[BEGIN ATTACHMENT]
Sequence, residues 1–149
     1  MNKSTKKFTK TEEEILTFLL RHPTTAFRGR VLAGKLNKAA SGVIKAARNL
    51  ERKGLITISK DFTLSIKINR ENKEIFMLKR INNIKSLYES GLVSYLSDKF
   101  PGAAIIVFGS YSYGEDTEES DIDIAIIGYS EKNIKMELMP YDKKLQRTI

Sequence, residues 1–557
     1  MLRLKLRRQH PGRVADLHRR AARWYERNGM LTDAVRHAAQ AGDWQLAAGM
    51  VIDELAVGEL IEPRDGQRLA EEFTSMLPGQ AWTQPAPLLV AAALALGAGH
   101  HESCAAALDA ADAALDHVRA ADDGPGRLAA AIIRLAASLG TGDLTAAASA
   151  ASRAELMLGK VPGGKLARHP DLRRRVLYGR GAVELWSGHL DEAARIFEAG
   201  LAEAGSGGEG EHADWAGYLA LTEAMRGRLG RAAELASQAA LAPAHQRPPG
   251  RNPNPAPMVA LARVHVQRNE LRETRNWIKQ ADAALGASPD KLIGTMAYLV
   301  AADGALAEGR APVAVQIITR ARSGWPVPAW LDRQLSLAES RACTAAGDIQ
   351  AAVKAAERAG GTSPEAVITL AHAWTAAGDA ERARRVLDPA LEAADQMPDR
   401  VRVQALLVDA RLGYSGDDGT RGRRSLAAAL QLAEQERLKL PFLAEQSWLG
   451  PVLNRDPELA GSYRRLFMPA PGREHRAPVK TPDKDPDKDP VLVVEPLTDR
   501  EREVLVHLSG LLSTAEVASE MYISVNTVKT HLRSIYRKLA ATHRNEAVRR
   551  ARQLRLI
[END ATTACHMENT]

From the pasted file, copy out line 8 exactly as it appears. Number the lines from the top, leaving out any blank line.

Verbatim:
   101  HESCAAALDA ADAALDHVRA ADDGPGRLAA AIIRLAASLG TGDLTAAASA